A recent report from the U.S. Government Accountability Office (GAO) highlights the scope of unemployment insurance (UI) fraud during the COVID pandemic, when claims for supplemental government relief programs increased sharply. The total amount of COVID-era unemployment fraud is estimated to be between $100 billion and $135 billion, representing approximately 11-15% of all UI benefits paid during that period. Industry experts fear these estimates are too low, as many state agencies were so overwhelmed during the pandemic that their calculations may be unreliable. The GAO report states, “The full extent of UI fraud during the pandemic will likely never be known with certainty.”
Now that unemployment claims are leveling off, states are redoubling their efforts to recover overpayments and improve their detection of fraud. This blog will aim to shine a light on recent trends and what jurisdictions, employers and individuals can do to address system vulnerabilities and curtail unemployment claims fraud.
Finding imposter claims
Before COVID, states’ fraud monitoring systems focused primarily on detecting inconsistent information from bona fide claimants regarding their employment separation and wages. Amid the economic downturn associated with the pandemic, unemployment agencies scrambled to quickly distribute expanded benefits and cover additional workforce categories, such as gig workers, independent contractors and self-employed individuals. With unprecedented demand (as outlined below), states could not react fast enough to update their computer systems to check for imposter claims — presenting a huge opportunity for fraudsters to exploit.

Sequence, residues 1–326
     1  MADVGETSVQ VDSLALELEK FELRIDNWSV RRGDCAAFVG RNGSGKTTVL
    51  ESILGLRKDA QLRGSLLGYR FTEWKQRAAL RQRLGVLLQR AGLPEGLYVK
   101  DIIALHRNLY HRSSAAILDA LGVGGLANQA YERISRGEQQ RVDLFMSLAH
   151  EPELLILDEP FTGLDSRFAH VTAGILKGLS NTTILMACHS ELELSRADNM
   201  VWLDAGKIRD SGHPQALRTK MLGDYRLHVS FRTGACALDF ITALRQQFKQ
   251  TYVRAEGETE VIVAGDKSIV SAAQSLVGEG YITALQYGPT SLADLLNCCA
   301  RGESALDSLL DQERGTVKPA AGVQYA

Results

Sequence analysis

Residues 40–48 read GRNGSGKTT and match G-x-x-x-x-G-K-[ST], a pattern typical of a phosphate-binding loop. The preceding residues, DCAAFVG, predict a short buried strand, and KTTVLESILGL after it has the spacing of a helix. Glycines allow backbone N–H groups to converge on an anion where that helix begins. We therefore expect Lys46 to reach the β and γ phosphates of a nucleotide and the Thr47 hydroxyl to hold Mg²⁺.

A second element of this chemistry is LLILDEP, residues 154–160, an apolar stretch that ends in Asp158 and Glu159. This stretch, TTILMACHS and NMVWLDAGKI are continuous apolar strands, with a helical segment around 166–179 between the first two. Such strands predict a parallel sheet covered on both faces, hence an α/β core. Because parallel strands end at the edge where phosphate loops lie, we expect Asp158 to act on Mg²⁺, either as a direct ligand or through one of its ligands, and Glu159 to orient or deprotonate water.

Systems are being modified to catch the fraud techniques that targeted Pandemic Unemployment Assistance (PUA) programs in order to protect unemployment programs in both the short and long term. States are now flagging claims for nearly 50 potential fraud indicators, like out-of-state bank accounts, duplicate email addresses and multiple names using the same bank account number. They are also on alert for bad actors who hack into systems to gather names, Social Security numbers and birth dates from the dark web and launder money from fake claims through online cash apps and legitimate bank accounts.
By the numbers
More than 60.8 million unemployment claims were filed in the U.S. in 2020, compared to 11.3 million in 2019. The 536% year-over-year increase is largely attributable to labor market conditions related to the pandemic. According to the Federal Trade Commission (FTC), the same period saw a 1,750% increase in reported cases of identity theft related to government documents and benefits like unemployment. The economic turmoil has since settled post-COVID, and totals for initial unemployment claims filed (allowing for seasonal adjustments) went down to nearly 24 million in 2021 and about 11.3 million in 2022. Based on filings through the month of November, the 2023 total is expected to be between 10.5 million and 10.9 million claims.